But what about the Global Owl Project? A glance at its website shows that it has been around for several years. In fact, the site says that the project was supposed to last five years and wrap up in 2008. Six papers on owls were published under its aegis. (Including a recently-uploaded report on how to build artificial burrows for burrowing owls, which looks helpful.)
Three golden eagles were recently caught in snare traps in Montana. Two of the eagles were killed, and one of the dead eagles was part of a research project by Craighead Beringia South, a wildlife research and education institute based in Kelly, Wyoming.
The Jackson Hole Daily reports that the dead eagle was one of six golden eagles wearing a GPS backpack since 2010 in a project designed to study golden eagle migration corridors.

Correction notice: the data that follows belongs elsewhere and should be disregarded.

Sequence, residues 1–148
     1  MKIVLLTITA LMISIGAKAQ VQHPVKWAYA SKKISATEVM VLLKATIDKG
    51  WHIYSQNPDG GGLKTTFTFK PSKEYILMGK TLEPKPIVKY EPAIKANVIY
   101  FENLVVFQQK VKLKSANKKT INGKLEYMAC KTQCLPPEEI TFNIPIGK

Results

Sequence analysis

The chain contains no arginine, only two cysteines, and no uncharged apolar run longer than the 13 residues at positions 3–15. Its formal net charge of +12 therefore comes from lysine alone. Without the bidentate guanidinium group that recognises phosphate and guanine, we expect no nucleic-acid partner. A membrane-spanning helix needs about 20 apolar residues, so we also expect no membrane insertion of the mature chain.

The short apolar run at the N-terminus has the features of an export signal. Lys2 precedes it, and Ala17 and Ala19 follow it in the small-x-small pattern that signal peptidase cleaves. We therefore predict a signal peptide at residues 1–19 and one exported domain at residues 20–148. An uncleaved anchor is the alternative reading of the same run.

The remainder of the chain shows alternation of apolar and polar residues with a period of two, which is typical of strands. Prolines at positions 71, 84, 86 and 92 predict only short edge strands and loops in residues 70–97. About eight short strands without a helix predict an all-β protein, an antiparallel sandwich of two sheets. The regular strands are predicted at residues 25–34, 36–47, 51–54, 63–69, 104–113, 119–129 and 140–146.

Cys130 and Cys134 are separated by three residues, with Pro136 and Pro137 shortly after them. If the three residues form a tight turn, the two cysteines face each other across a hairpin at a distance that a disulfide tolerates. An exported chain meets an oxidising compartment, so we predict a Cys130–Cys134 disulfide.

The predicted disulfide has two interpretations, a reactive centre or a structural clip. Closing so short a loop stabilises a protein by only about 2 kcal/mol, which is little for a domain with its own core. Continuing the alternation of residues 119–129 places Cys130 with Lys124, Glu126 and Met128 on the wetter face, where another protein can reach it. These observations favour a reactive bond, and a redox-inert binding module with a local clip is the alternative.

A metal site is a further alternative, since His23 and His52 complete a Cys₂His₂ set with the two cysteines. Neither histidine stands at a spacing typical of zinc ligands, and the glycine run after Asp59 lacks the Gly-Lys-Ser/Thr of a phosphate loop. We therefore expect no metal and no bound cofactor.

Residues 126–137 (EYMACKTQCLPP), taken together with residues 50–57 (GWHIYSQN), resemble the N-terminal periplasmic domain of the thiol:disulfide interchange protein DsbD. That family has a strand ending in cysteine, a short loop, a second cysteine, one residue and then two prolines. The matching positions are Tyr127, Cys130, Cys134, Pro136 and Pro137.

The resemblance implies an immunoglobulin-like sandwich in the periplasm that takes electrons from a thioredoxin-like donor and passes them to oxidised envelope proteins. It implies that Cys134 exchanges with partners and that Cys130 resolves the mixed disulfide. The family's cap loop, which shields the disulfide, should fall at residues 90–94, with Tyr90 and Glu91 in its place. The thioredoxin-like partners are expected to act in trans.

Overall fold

An article in the Ravalli Republic says that one of the golden eagles was found dead, the other had to be euthanized and the third is being rehabilitated. The article also notes that golden eagles have been in sharp decline in the region.
Potent second generation anticoagulant rodenticides (ARs; aka, rat poisons) kill birds, particularly raptors in the United States and Canada. Canada will ban sales of these poisons on January 1, while in the U.S. talk of banning consumers from using the poisons has been around for a while, but never seems to be enacted.
“In a study of more than 130 dead birds of prey found in and around Vancouver, Canada, ‘virtually 100%’ of the owls and a large proportion of the hawks had residues of at least one second-generation AR in their livers,” said a news story in the journal Nature last month.